The Forbidden Kingdom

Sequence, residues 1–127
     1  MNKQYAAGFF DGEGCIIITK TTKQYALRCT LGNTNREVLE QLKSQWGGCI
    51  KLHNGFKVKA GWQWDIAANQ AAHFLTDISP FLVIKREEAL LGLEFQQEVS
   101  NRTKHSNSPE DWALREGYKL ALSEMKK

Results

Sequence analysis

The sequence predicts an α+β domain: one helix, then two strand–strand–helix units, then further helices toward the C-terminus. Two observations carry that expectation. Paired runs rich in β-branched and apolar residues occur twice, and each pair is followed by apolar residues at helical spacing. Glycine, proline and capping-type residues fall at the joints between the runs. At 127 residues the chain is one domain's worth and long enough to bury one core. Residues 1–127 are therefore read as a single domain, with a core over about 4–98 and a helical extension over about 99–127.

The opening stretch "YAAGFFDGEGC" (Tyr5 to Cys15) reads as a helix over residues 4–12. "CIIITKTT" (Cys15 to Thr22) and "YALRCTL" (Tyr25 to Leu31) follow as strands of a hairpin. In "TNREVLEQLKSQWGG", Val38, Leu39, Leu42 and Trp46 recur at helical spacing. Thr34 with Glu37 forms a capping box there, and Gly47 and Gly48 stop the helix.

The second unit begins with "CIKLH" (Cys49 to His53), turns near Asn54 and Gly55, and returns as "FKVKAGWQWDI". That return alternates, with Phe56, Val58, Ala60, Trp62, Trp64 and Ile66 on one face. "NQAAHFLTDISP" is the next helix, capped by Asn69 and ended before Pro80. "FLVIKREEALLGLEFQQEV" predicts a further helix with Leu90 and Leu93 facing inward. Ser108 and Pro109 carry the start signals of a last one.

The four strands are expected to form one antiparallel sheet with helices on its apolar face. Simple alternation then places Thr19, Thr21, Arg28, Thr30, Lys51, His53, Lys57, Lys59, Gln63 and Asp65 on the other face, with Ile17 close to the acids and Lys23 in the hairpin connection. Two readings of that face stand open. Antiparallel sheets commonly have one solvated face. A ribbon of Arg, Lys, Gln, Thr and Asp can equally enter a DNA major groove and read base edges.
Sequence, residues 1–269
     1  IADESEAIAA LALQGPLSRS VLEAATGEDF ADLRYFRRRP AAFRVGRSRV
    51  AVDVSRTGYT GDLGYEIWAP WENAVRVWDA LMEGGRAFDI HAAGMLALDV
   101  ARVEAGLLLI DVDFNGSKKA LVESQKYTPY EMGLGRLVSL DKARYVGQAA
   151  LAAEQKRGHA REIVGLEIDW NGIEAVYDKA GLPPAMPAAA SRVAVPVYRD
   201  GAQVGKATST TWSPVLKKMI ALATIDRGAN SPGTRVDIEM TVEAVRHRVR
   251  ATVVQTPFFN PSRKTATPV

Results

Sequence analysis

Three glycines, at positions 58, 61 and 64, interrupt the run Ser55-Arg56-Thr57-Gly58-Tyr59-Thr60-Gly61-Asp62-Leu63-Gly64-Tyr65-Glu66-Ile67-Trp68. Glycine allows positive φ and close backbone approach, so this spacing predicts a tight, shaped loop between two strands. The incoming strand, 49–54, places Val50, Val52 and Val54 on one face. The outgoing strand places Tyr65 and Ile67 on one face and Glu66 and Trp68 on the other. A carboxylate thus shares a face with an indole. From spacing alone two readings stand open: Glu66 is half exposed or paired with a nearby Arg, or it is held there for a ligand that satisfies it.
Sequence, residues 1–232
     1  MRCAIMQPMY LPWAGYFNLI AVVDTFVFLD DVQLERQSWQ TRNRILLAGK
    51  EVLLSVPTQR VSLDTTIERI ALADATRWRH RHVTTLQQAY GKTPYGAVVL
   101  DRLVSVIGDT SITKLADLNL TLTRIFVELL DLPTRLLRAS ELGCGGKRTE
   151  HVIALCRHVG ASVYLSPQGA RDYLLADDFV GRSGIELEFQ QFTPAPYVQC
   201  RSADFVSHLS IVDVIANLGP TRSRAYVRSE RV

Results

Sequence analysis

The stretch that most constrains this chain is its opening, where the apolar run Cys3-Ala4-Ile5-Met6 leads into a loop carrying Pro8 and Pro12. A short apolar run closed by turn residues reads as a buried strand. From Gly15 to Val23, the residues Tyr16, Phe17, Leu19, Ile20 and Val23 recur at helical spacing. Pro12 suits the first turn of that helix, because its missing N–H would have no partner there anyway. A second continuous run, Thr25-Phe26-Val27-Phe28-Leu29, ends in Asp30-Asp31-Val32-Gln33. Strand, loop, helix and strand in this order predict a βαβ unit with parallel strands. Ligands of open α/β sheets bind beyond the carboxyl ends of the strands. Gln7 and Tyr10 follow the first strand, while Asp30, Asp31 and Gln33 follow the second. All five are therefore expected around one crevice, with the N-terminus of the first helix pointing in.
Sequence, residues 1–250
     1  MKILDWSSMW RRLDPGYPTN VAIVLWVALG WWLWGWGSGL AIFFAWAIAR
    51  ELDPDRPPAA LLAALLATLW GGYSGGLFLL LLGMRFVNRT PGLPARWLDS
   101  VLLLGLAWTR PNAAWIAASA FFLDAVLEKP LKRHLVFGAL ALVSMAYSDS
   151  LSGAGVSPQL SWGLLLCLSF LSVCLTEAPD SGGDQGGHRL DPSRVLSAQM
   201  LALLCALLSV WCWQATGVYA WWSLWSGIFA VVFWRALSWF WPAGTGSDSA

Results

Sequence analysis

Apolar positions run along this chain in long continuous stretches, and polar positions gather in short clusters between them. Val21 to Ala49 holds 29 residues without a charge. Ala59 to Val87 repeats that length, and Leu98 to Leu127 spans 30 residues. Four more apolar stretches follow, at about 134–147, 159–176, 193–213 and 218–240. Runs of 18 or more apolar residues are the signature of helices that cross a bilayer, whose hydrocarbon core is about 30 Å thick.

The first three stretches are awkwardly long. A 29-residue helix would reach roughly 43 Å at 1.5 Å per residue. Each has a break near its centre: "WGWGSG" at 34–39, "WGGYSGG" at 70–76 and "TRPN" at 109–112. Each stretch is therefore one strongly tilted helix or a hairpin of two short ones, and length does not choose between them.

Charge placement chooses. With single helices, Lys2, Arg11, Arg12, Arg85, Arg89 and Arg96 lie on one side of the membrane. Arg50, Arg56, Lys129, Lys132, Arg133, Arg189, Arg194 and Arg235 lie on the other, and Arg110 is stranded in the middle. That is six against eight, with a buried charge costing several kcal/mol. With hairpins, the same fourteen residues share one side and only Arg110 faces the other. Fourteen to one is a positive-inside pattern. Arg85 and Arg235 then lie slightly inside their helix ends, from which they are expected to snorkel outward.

The plot is pure choose-your-own-adventure: A bullied fanboy from South Boston (Michael Angarano) is teleported back into a fantasia of feudal China, where he's singled out as the long-anticipated "Chosen One" prophesied to topple the despotic warlord. Our nominal hero then recedes behind the pair of Mr. Miyagis who adopt him: Jackie Chan (in a Lisa Bonet wig) and warrior-monk Jet Li (English line readings: 75 percent intelligible). This is the first collaboration between kung fu's Astaire and Kelly, and on those terms, it disappoints. Like so much in Rob Minkoff's movie, the fight arrangements by choreographer Yuen Woo-ping aren't so much bad as undistinguished: The camera placement is off, the tempo unvaried, and Chan's movements are obscured by his piled-on robes. The cinematography lacks story­book indelibility; Collin Chou's Jade Emperor is a stock archvillain (though Li Bingbing's bullwhip-toting "White Haired Demoness" is lovely). And then there's the scene in which Li actually pisses in Chan's face — a degra­dation familiar to viewers incensed by the demographic-outreach casting of white-dude Angarano. Taken as a whole, though, it's an amiable lost-and-found of epic-adventure tropes. Just as I still illogically treasure Willow, many a 10-year-old who sees Forbidden Kingdom will remember it fondly in spite of its flaws.

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